Skip to main content

Review of Fable III

Damon says: Fable III is the most disappointing sequel since The Kingdom of the Crystal Skull.

Laura says: I was disappointed. The worst part was that the game was okay - maybe a 6/10 or 7/10 thanks to the Darkness Incarnate quest. It wasn't great, but it wasn't so poor that I felt I could legitimately hate it. The graphics are fun if cartoony, the sound is good, the gameplay is easy, the customization is almost non-existent, and the story is mediocre at best and boring at worst. Oh, and for some of the achievements you need an Xbox Live account, which annoys me to no end.

The environment in Fable III is as rich as ever. Plenty of different regions, all with different climates, peopled by various citizens/denizens/enemies that change as you play. As always, the people of Albion are incredibly chatty, but since Lionhead seems to have supplemented the new stuff they recorded with all the random NPC comments from Fable II, there is enough variation to not drive you crazy.

Playing the game is ridiculously easy. So okay, I was familiar with the gameplay from Fable II, and almost nothing changed, but what did change was dumbed down. Dive spots and dig spots and treasure chests remain, and The Damn Dog (named for what I spent most of the game calling him) was as useless as ever in spotting them for me. The only real novelty was the map, which made fast travel easy (although I didn't realize that highlighting a house would make you travel there, and spent a ridiculous amount of time sprinting through Mourningwood), and buying property a cinch. However, they managed to ruin even this by making you have to repair the residential properties you own every few hours or so. That's right, someone thought it would be fun to make you click on every single house with a key flag, and then scroll down to click repair, and then click back to zoom out, and then repeat ad nauseum until that region was done, and then start on the next one. (Think that was a lot of "and then"s? Try spending 20 minutes repairing houses. In its way, it was worse than ME 2's planet scanning.) As for combat, most of the enemies were the same as those in Fable II, only even easier to defeat. You just press Y few times, maybe hold down B, then hold X and a a direction. Most of the enemies can be defeated by holding B.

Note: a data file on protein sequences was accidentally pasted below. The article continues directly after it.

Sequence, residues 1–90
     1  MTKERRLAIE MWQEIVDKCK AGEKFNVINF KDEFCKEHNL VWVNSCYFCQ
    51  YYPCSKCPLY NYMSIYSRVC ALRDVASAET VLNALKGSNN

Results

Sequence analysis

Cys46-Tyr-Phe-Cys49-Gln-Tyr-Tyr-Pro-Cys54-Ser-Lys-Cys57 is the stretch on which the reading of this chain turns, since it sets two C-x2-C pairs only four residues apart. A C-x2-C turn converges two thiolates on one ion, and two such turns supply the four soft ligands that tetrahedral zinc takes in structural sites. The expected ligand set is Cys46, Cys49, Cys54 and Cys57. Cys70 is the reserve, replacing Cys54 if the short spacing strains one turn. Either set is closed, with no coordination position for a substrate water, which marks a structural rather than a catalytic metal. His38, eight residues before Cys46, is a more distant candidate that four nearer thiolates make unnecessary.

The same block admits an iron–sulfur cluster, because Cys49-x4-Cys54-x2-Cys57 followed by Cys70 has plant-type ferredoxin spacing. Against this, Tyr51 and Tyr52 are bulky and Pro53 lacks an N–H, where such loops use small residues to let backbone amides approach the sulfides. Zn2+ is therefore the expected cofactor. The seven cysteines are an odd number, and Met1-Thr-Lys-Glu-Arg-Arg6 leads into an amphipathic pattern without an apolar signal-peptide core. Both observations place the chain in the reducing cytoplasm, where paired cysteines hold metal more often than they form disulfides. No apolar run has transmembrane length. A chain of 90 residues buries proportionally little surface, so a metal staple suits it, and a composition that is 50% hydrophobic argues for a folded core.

Oh noez! Dey be teazin mah dawg!
In an effort to make the game more accessible (apparently making the combat so easy that Miranda sitting on the controller could dispatch a group of Balvarines wasn't enough), Lionhead dispensed with much of the customization. Gone are weapon augmentations (to be replaced with set augmentations that you earn like you would achievements, and Hero weapons that are supposed to reflect your fighting style, but seemed to just look prettier as the game progressed - what are you saying about my fighting style, Lionhead?), gone is an inventory in any accessible sense, gone is anything else you could customize, although for some reason furniture qualities and clothing dyes remain.

My favorite part of any video game is always going to be the story. The story is the reason I keep returning to games like Dragon Age or Mass Effect, or even Fable II: I love video games that feel like Choose Your Own Adventure books, or that have a story that I can keep playing, like reading one of my favorite novels for the upteenth time. I like depth and breadth and content in a story, and I'll tolerate glitches, clipping, and even mediocre gameplay to know what happens at the end of the game. Fable II delivered. Fable III did not.  The best part of the story was the animation at the beginning with the chicken escaping through Bowerstone Industrial. Unfortunately, this encompassed the introductory few minutes of the game. Doubly unfortunately, it also served as one of the trailers for Fable III, so I'd seen it already. I felt nothing for the Hero I was playing as. She had no recognizable motivations for the decisions she was making, other than the fact that they were (quite obviously) morally right. I formed no attachments to the major NPCs (except Ben Finn, because, c'mon, it's Simon Pegg, and then it wouldn't even let me marry him. WTF, Lionhead?), but equally couldn't muster up any animosity toward Logan, the initial villain. The only highlight was the Darkness Incarnate quest. For a brief hour or so, after I followed Ben Finn out of the sewers of Bowerstone Industrial, the story - the game - got awesome. And then I was in the City of Aurora, and the suckage (sorry, but it was) resumed. Even the "new" "exciting" "twists" that were the royal decisions failed to relieve the tedium of my 54th "go fetch" friend quest. The tiny bit leading up to the boss battle at the end was fun again, but the boss battle was a joke. What happened to Reaver shooting Lucien Fairfax if you took too long to do it yourself? That was awesome. The end of Fable III - okay, most of the game - was not.